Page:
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Wichita Music: "The History of the Tribe"

 

Handgame Big Drum

(Editor's Note: This story is Part One of a two-part series on traditional Wichita singing.)

 

Wichita songs are a key component of events such as the Wichita Annual Dance, the Visitation with the Pawnee, and the Kititkiti'sh Little Sisters New Year's celebration.Wichita Tribal Newshad the chance to visit with three Wichita singers about the importance of Wichita songs. These singers are Stuart Owings, Jimmy Reeder and the tribe's cultural planner, Gary McAdams.

 

Importance of the Songs

For Reeder, the importance of Wichita songs is based, in part, on how it makes him feel.

 

"To this day, it's very important," Reeder said. "It's something inside your heart and your spirit that comes up. It's gratifying to hear those songs and the beat of that drum."

 

Similarly, one of the ways that McAdams views the importance of Wichita singing is due to the songs being spiritual in their origin.

 

"God put it in their mind, this particular tune and these particular words," McAdams said. "Even when they compose a song, and they don't have any words in it, there's still a meaning there. They felt a certain way when they composed that song, even though they put no words in it. With the sound and everything, there was a meaning…everything comes from God. That song, dance or any kind of knowledge. It's all from God."

 

Owings emphasized the importance of Wichita singing as "the history of the tribe, the history and the culture," he said, with some songs being so old that fluent speakers that he knew could not translate them. One of these people was his mother, Faye Miller Owings, who referred to these songs as "unknown language."

 

Grasslodge Aug 10 2017

 

Origin of the Songs

There are many who refer to many Native songs-especially newer songs-as being composed. However, for Owings, he was taught by elders that these songs came into being many years ago and that they find someone who will bring them out to be sung.

 

"People say, 'I composed it,'" Owings said about songs. "I don't use 'compose.' I say, 'It came to me.' My uncle used to say, when he came up with a song that he would make, maybe someone, sometime, long years ago, somebody might have sung this song. These songs are floating around. Then, all of a sudden, it comes into you. It finds a body, and it goes into them. Then they come out with the song. The tune comes in, the words come in, and they all fit together."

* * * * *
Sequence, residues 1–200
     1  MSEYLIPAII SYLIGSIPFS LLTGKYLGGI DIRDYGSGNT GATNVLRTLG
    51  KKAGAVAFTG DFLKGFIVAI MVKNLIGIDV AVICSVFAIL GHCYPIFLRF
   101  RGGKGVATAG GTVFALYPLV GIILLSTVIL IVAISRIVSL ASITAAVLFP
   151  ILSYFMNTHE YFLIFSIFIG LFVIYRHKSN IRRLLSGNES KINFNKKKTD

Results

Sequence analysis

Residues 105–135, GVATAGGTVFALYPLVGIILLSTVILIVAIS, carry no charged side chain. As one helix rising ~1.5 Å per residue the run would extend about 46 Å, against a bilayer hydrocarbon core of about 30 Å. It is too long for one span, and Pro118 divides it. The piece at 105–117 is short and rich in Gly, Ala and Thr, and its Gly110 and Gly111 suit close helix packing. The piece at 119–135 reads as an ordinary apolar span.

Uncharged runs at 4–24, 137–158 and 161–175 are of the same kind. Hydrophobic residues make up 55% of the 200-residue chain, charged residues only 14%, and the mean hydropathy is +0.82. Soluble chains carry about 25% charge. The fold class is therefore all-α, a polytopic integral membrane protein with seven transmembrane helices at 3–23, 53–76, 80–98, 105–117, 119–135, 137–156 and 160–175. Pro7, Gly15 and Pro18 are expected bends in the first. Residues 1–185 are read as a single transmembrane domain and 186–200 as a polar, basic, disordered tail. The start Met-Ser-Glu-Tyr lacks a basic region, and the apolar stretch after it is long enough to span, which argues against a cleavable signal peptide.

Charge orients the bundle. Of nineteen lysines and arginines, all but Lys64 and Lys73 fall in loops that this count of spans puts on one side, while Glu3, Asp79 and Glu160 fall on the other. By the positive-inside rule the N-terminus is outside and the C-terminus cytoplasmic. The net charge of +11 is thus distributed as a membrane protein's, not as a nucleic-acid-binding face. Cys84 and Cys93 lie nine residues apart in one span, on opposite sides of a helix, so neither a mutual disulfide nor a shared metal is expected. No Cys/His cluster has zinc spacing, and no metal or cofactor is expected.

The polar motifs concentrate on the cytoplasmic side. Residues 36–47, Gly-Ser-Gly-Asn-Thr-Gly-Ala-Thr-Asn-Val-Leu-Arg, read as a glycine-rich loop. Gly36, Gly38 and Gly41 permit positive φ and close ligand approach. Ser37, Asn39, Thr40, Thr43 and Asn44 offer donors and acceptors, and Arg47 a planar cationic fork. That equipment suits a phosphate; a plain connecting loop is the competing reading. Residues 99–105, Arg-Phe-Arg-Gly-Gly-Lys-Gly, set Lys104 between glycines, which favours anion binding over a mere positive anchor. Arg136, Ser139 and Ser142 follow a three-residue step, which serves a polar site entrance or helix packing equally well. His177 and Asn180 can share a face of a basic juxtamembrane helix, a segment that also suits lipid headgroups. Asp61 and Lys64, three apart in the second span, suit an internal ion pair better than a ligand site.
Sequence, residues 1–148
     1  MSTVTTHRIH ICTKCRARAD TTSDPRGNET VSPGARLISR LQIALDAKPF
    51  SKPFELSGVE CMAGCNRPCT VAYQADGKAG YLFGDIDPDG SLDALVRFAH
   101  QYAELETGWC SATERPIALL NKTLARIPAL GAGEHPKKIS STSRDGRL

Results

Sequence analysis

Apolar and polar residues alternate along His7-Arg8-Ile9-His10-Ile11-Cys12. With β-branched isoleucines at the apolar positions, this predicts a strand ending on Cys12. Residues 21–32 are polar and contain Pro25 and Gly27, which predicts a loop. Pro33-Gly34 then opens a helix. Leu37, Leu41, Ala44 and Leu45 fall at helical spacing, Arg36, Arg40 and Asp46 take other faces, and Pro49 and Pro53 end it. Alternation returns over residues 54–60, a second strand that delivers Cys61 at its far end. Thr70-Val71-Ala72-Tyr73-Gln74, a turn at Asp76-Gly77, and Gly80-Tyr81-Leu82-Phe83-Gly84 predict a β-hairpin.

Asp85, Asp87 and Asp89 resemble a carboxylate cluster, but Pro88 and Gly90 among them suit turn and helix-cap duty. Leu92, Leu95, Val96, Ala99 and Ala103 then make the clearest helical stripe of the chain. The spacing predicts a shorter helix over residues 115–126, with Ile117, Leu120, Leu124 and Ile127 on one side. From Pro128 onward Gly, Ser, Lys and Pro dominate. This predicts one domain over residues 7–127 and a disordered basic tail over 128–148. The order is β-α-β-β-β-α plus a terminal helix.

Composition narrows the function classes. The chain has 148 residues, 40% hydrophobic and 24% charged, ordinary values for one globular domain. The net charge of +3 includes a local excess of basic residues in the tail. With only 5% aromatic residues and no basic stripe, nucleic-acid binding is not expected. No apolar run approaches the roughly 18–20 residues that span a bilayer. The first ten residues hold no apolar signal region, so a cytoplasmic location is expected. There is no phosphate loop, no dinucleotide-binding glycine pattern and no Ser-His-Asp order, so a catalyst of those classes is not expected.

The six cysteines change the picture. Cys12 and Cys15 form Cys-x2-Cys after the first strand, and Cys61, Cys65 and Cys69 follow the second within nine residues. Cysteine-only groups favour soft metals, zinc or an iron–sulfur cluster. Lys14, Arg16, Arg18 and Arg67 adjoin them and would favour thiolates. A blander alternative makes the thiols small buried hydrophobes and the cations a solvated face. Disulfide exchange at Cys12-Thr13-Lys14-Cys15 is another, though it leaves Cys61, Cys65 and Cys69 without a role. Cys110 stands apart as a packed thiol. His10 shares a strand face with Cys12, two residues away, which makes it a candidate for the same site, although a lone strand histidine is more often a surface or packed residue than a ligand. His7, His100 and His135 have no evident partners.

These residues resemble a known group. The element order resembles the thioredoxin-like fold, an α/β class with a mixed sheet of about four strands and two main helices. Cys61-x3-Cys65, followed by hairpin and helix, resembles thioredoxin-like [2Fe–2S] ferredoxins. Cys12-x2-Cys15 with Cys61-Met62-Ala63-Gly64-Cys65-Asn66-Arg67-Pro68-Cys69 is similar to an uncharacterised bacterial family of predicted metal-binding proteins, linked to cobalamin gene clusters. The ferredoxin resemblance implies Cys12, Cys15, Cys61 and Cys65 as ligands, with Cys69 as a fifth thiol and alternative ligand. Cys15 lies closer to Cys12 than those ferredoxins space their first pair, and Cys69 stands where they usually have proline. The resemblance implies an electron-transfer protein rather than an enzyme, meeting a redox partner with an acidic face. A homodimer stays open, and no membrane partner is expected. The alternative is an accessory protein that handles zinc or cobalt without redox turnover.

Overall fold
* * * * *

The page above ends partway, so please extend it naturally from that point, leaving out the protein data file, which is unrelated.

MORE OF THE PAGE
Owings also said that many songs come about due to hearing tunes in the natural world.

 

"You get them from wind," Owings said. "You get them from birds, through how the wind's blowing through trees, that type of thing. Those kind of sounds would be interpreted into a tune, you might say. They call them 'straight songs'-no words. Other people would say they're just sounds. That's what they are, but that makes up the tune."

 

Both McAdams and Reeder shared stories about the origin of the Wichita Flag Song as used by Frank Swift. McAdams recalled a story he read in the field notes of Karl Schmitt, where the Flag Song came to Swift in a dream. It was sung to him by John Thomas, who had already passed away by that time.

 

Reeder's story about the Flag Song, as told to him by his mother, is similar to what Owings shared. According to Reeder, Swift heard the rustling of a leaf on a bush outside of the home. "She explained this little leaf was twirling on that bush," Reeder said. "Mom said he got that Flag Song from that little twirl in the wind, from whatever sound it made."

 

According to the three singers, the types of Wichita songs include war dance, veterans songs, Young Dog Dance, Big Wolf songs, Ghost Dance, Drum Dance and handgame. Other songs would be Rain Songs, church hymns and lullabies.

 

Dances at Camp Creek

One of the strongest memories for McAdams growing up was at one of the Camp Creek dances.

"When they would sing war dance songs, a lot of these older women would get up and dance," McAdams said. "Not out there in the arena, but they would get up right where they were sitting. They would dance and mostly would sing along. What struck me was the way they danced, the way they sung, and just their manner. I got the feeling that those songs meant a whole lot to them."

 

Owings said that the dances on Camp Creek were popular not only for Wichita families and tribes in the area but also for Pawnee relatives. The locations for dances that Owings identified after dances were no longer held at Camp Creek include the homes of Roland Stephenson, Bill Campbell, and the home of McAdams's mother, Elva Mae McAdams.

 

Singing Today…

Currently, there aren't as many public opportunities to sing Wichita songs as there were in the Camp Creek days. At present, these times include the Pawnee Visitation, Wichita Annual Dance, various handgames, and the singing classes offered through the Wichita Cultural Education Program.

 

Owings emphasized the need to learn the songs, "to keep them going."

 

"If you're not going to learn them, where are you going to get your songs from? You can have a dance, but what are you going to do?"

 

(Part II will focus on past Wichita singers, the relationship with Pawnee songs, and the efforts of the Wichita Young Man Society to learn the songs.)